has a single address record in some protocol family (e.g., an A RR), has a single address record in some protocol family (e.g., an A RR),
then all thirteen name servers or any subset thereof could have then all thirteen name servers or any subset thereof could have
address records in a second protocol family by adding a second address records in a second protocol family by adding a second
address record (e.g., an AAAA RR) without reducing the reachability address record (e.g., an AAAA RR) without reducing the reachability
of the zone thus served. of the zone thus served.
5. Security Considerations 5. Security Considerations
The recommendations contained in this document have no known security The recommendations contained in this document have no known security
implications. implications.
6. IANA Considerations 6. IANA Considerations
This document does not call for changes or additions to any IANA This document does not call for changes or additions to any IANA
registry. registry.
7. Acknowledgement 7. Acknowledgement
The authors thank Peter Koch, Rob Austein, Joe Abley, Mark Andrews, The authors thank Peter Koch, Rob Austein, Joe Abley, Mark Andrews,
Kenji Rikitake, Stephane Bortzmeyerand, Olafur Gudmundsson, and Kenji Rikitake, Stephane Bortzmeyer, Olafur Gudmundsson, and Alfred
Alfred Hines for their valuable comments and suggestions. Hoenes for their valuable comments and suggestions.
This work was supported by the US National Science Foundation This work was supported by the US National Science Foundation
(research grant SCI-0427144) and DNS-OARC. (research grant SCI-0427144) and DNS-OARC.
8. Normative References 8. Normative References
[PERL] Wall, L., Christiansen, T., and j. Orwant, "Programing [PERL] Wall, L., Christiansen, T., and J. Orwant, "Programming
Perl", July 2000. Perl, 3rd ed.", ISBN 0-596-00027-8, July 2000.
[RFC1034] Mockapetris, P., "Domain names - concepts and facilities", [RFC1034] Mockapetris, P., "Domain names - concepts and facilities",
STD 13, RFC 1034, November 1987. STD 13, RFC 1034, November 1987.
[RFC1035] Mockapetris, P., "Domain names - implementation and [RFC1035] Mockapetris, P., "Domain names - implementation and
specification", STD 13, RFC 1035, November 1987. specification", STD 13, RFC 1035, November 1987.
[RFC1123] Braden, R., "Requirements for Internet Hosts - Application [RFC1123] Braden, R., "Requirements for Internet Hosts - Application
and Support", STD 3, RFC 1123, October 1989. and Support", STD 3, RFC 1123, October 1989.
[RFC1996] Vixie, P., "A Mechanism for Prompt Notification of Zone [RFC1996] Vixie, P., "A Mechanism for Prompt Notification of Zone
Changes (DNS NOTIFY)", RFC 1996, August 1996. Changes (DNS NOTIFY)", RFC 1996, August 1996.
[RFC2119] Bradner, S., "Key words for use in RFCs to Indicate
Requirement Levels", BCP 14, RFC 2119, March 1997.
[RFC2181] Elz, R. and R. Bush, "Clarifications to the DNS [RFC2181] Elz, R. and R. Bush, "Clarifications to the DNS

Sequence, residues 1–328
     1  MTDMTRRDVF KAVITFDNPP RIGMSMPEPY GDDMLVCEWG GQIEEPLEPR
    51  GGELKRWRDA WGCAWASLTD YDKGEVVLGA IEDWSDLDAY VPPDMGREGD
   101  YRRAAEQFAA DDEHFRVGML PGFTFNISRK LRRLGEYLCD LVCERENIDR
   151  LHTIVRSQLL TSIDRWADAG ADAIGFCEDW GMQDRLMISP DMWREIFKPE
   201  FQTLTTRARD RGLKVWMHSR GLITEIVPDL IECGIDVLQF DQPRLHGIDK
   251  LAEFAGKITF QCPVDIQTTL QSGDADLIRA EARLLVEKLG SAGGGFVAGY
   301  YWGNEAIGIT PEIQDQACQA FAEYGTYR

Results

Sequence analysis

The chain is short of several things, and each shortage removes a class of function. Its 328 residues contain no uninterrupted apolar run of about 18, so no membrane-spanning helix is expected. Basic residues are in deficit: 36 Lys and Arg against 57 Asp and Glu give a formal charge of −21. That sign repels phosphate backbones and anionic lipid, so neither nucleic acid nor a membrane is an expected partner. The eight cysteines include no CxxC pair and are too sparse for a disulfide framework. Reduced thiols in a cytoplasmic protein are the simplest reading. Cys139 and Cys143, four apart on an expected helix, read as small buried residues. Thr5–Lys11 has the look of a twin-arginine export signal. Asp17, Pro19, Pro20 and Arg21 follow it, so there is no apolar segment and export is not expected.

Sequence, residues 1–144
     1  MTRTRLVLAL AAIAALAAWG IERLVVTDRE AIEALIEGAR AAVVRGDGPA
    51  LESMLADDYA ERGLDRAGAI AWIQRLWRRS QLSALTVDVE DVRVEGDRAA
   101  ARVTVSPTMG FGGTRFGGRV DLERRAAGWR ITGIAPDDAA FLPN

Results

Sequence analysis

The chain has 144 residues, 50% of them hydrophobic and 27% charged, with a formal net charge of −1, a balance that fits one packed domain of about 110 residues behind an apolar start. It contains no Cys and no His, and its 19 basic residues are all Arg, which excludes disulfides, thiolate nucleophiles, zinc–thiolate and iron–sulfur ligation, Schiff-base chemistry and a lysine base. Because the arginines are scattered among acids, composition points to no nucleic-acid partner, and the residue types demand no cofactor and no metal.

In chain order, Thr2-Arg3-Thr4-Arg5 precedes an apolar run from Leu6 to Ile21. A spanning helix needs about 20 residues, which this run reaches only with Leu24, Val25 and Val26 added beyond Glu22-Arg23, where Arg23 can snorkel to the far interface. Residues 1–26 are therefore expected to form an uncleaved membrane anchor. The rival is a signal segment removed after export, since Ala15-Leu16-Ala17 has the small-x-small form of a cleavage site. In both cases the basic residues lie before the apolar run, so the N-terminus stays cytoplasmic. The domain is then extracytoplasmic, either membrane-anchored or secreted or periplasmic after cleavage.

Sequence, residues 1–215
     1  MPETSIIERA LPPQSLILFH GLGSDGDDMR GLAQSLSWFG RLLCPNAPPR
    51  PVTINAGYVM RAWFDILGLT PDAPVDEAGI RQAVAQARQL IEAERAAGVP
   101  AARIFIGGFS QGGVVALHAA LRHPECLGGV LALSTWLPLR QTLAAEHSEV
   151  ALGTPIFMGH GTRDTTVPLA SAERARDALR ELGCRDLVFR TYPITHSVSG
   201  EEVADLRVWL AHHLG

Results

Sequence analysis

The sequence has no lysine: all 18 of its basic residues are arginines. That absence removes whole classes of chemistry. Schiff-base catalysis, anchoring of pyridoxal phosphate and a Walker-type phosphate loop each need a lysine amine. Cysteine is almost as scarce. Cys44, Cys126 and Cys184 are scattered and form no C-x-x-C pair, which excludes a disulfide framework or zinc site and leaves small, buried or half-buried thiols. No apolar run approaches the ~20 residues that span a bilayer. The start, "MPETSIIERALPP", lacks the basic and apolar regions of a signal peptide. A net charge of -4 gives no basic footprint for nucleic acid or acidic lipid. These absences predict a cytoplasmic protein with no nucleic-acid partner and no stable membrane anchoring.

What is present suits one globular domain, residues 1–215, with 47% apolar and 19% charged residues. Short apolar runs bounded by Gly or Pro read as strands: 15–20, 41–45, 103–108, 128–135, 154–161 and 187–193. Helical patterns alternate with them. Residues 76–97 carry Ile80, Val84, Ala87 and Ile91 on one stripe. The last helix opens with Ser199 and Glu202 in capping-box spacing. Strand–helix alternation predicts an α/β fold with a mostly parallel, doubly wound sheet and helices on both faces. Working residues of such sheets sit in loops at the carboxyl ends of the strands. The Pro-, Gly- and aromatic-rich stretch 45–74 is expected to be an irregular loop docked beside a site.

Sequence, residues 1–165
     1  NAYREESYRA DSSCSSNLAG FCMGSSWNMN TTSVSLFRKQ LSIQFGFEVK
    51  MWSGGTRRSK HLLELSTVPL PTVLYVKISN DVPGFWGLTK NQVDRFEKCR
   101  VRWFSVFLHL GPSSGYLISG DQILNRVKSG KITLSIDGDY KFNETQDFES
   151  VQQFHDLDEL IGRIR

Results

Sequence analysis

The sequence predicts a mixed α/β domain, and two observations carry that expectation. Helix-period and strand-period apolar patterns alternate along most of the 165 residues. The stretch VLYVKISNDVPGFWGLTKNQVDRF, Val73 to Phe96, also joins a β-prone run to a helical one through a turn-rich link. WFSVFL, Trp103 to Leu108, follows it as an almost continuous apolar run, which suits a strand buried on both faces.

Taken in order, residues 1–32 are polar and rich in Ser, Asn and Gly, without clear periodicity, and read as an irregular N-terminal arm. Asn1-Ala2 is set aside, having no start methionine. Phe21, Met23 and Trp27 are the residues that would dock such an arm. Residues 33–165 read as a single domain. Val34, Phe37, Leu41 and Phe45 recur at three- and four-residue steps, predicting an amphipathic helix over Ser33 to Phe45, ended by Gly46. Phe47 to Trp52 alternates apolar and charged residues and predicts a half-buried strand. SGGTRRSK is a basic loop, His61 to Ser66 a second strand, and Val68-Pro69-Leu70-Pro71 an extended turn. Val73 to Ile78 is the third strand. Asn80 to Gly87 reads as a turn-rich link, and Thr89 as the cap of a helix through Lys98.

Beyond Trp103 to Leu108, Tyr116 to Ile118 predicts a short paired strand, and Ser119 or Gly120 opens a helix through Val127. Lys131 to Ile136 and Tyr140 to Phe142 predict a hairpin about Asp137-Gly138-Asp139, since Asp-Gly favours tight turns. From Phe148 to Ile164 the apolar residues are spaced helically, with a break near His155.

Specification", RFC 2181, July 1997. Specification", RFC 2181, July 1997.
[RFC2308] Andrews, M., "Negative Caching of DNS Queries (DNS [RFC2308] Andrews, M., "Negative Caching of DNS Queries (DNS
NCACHE)", RFC 2308, March 1998. NCACHE)", RFC 2308, March 1998.
[RFC2671] Vixie, P., "Extension Mechanisms for DNS (EDNS0)", [RFC2671] Vixie, P., "Extension Mechanisms for DNS (EDNS0)",
RFC 2671, August 1999. RFC 2671, August 1999.
[RFC3226] Gudmundsson, O., "DNSSEC and IPv6 A6 aware server/resolver [RFC3226] Gudmundsson, O., "DNSSEC and IPv6 A6 aware server/resolver
skipping to change at page 13, line 7 skipping to change at page 13, line 7
The University of Tokyo/WIDE Project The University of Tokyo/WIDE Project
Information Technology Center, 2-11-16 Yayoi Information Technology Center, 2-11-16 Yayoi
Bunkyo, Tokyo 113-8658 Bunkyo, Tokyo 113-8658
JP JP
Phone: +81 3 5841 2750 Phone: +81 3 5841 2750
Email: kato@wide.ad.jp Email: kato@wide.ad.jp
Full Copyright Statement Full Copyright Statement
Copyright (C) The IETF Trust (2007). Copyright (C) The IETF Trust (2008).
This document is subject to the rights, licenses and restrictions This document is subject to the rights, licenses and restrictions
contained in BCP 78, and except as set forth therein, the authors contained in BCP 78, and except as set forth therein, the authors
retain all their rights. retain all their rights.
This document and the information contained herein are provided on an This document and the information contained herein are provided on an
"AS IS" basis and THE CONTRIBUTOR, THE ORGANIZATION HE/SHE REPRESENTS "AS IS" basis and THE CONTRIBUTOR, THE ORGANIZATION HE/SHE REPRESENTS
OR IS SPONSORED BY (IF ANY), THE INTERNET SOCIETY, THE IETF TRUST AND OR IS SPONSORED BY (IF ANY), THE INTERNET SOCIETY, THE IETF TRUST AND
THE INTERNET ENGINEERING TASK FORCE DISCLAIM ALL WARRANTIES, EXPRESS THE INTERNET ENGINEERING TASK FORCE DISCLAIM ALL WARRANTIES, EXPRESS
OR IMPLIED, INCLUDING BUT NOT LIMITED TO ANY WARRANTY THAT THE USE OF OR IMPLIED, INCLUDING BUT NOT LIMITED TO ANY WARRANTY THAT THE USE OF